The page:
Friday, July 25, 2008

Dear Cojean Letter

Dear Cojean,

I don't want this to be awkward, but I thought I owed it to you to tell you why I haven't been to see you in a while.

First, let me say that I really enjoyed all the time we spent together. You remember those few months when I would leave work every day around 1:30 PM to come to your place just around the corner. I used to bounce through your doors with a smile on my face, looking forward to the sight of your refrigerator cases chockablock with colorful salads—and let's be honest, Cojean, even though you served other things, our relationship was always about the salads.  Do you remember the lentil and bulgur one? Just thinking about that herb dressing still sends shivers up my spine.

But then you changed—or at least your menu did. I'll never understand why you stopped serving the lentil-bulgur salad, and I'm not even going to try. But all the combinations you tried replacing it with—mozzarella, pea and basil; carrot, mushroom and smoked tofu; ratatouille and poached egg—just didn't do it for me.

And when you started serving buckets of bland, watery yogurt with fruit on top for €7? That's when I knew things had to change.

There's no easy way to say this, but I've started seeing another lunchtime takeout restaurant. It's called Lemoni. It reminds me of you sometimes, even though its heritage is Greek, not French. Like you, Lemoni offers creative salads and cold plates, mostly vegetarian, based on organic ingredients. I like its “Bollywood” salad, with curried orzo and lentils; I love its mezze dish, with baba ganoush, gigante beans in tomato sauce, and stuffed grape leaves.

But salads aren't the only thing I like about Lemoni.  Lemoni keeps me on my toes—every day it surprises me with four different entrées. At first I didn’t like the ascetic looks of the “zen” grilled vegetables—zucchini, eggplant, sweet potatoes, potatoes and asparagus with lentils—but it was flavorful enough to turn me into an enthusiast. And while you were always stingy with your gratins, Cojean, Lemoni would give me a creamy, comforting vegetable gratin every day if I asked for it.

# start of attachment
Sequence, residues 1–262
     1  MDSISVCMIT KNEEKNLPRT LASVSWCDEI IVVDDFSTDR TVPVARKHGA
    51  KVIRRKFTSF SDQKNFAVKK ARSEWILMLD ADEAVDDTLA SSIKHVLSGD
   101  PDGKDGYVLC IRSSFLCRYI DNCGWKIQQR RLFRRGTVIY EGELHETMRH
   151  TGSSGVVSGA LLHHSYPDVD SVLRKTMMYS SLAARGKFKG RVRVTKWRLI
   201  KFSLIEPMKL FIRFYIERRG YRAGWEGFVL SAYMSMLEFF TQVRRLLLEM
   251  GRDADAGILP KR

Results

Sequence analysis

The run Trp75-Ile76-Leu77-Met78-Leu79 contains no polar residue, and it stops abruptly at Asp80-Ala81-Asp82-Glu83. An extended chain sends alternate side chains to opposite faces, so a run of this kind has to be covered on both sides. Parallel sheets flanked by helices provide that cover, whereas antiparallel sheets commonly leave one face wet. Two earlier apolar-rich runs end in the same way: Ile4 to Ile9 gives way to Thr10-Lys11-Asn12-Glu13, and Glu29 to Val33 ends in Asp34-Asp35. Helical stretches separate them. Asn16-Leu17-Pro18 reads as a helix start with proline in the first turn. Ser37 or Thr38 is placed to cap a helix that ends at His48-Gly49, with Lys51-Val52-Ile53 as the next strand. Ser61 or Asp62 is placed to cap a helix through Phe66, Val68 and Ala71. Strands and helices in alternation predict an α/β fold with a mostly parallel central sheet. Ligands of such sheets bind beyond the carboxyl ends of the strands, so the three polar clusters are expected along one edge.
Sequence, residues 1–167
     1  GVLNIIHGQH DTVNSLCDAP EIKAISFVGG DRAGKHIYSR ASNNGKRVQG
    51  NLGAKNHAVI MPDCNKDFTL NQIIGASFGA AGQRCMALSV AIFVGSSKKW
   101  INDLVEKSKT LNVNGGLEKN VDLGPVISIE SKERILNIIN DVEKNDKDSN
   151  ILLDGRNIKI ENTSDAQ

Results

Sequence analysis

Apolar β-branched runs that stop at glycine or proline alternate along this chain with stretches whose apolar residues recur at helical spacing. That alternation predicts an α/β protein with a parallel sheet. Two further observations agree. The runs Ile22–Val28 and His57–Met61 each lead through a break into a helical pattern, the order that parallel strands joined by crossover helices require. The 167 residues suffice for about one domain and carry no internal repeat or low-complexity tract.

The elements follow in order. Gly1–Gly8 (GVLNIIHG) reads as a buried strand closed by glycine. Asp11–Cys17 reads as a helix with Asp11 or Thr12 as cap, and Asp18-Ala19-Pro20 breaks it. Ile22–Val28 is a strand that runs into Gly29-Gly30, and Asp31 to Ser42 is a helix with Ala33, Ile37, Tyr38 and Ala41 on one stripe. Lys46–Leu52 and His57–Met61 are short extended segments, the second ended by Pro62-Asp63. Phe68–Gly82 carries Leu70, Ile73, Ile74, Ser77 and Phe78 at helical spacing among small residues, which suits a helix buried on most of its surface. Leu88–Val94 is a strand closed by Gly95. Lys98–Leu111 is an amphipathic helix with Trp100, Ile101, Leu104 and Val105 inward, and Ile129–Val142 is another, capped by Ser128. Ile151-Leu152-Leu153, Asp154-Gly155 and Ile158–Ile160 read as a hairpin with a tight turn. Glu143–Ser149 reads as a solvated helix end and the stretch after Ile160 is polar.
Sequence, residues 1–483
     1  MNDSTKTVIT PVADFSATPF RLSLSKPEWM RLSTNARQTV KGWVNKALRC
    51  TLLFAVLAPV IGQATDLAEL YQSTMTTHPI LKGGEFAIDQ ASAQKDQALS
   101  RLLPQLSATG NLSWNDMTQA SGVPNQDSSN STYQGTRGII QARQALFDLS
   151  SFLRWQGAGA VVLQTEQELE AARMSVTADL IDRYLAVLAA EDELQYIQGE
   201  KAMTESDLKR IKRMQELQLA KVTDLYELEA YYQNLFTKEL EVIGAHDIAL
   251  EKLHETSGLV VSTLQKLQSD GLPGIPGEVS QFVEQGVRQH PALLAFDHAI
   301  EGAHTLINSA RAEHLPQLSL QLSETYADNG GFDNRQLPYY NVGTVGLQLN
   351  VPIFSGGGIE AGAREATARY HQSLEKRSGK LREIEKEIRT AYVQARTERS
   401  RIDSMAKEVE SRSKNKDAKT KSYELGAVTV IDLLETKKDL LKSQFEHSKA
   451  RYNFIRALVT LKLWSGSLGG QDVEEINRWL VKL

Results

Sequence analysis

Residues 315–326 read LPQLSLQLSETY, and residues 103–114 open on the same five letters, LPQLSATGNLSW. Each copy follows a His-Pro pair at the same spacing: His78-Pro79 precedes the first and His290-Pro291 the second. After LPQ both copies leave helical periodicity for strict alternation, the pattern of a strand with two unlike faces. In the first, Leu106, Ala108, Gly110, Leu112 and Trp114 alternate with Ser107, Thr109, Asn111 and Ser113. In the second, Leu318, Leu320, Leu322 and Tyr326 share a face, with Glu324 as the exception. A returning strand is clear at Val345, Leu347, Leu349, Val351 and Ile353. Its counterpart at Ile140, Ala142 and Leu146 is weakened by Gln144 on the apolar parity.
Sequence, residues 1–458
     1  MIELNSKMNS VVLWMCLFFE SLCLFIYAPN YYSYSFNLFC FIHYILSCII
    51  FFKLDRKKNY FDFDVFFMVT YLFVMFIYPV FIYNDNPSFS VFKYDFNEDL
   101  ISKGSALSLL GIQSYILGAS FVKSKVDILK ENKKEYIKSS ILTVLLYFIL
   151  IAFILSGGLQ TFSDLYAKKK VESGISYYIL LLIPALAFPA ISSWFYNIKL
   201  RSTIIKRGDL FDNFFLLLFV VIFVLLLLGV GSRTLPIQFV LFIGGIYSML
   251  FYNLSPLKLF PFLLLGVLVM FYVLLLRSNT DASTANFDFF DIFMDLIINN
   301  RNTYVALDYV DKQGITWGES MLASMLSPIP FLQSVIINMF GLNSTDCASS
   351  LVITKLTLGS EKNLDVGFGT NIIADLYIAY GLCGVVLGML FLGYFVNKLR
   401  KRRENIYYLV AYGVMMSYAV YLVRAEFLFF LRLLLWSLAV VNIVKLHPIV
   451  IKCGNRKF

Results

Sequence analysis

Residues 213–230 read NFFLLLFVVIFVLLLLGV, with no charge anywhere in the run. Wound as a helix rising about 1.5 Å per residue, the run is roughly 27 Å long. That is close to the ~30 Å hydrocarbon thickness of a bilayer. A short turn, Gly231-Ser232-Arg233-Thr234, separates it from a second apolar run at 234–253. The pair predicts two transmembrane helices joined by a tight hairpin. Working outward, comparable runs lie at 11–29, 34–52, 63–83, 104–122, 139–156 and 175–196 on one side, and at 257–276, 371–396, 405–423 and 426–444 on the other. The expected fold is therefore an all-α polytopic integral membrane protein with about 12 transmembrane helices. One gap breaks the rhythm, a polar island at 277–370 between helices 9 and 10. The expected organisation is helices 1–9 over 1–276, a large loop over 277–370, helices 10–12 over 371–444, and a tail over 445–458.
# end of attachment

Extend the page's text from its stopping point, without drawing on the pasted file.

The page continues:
And the yogurt! Lemoni sells real Greek yogurt, the kind I haven’t had in months, thick and creamy, the palest shade of white. It makes me realize that I’ll never be happy with any other yogurt, and especially not yours.

Sure, Lemoni's not as suave as you. It lacks your style, your grace, your marketing. It can be clumsy, too:  using a heavy hand with the salt shaker for its barley-lentil salad, undercooking a few slices of zucchini in its gratins, not adding enough sugar to its homemade rice pudding. I didn’t fall for Lemoni as hard or as quickly as I did for you.

But Lemoni doesn't take advantage of me the way you used to. Lemoni gives me a full meal—salad, entrée, dessert—in truly generous portions for less than €10. When I think about how I used to pay you upwards of €15 for meals that didn’t always satisfy me, I start to wonder why I didn’t leave you earlier.

You’re a great restaurant, Cojean, and I don't think things are permanently over between us. I won't be able to stay away from your açai smoothies and warm artichoke-parmesan sandwiches forever. Someday, when I'm earning more than a stipend, when the exchange rate is better, I can see something happening between us.

But for now, Lemoni is the right café for me. And I have no doubt in my mind that you'll do fine without me.


1 comment:

Claire said...

Very funny.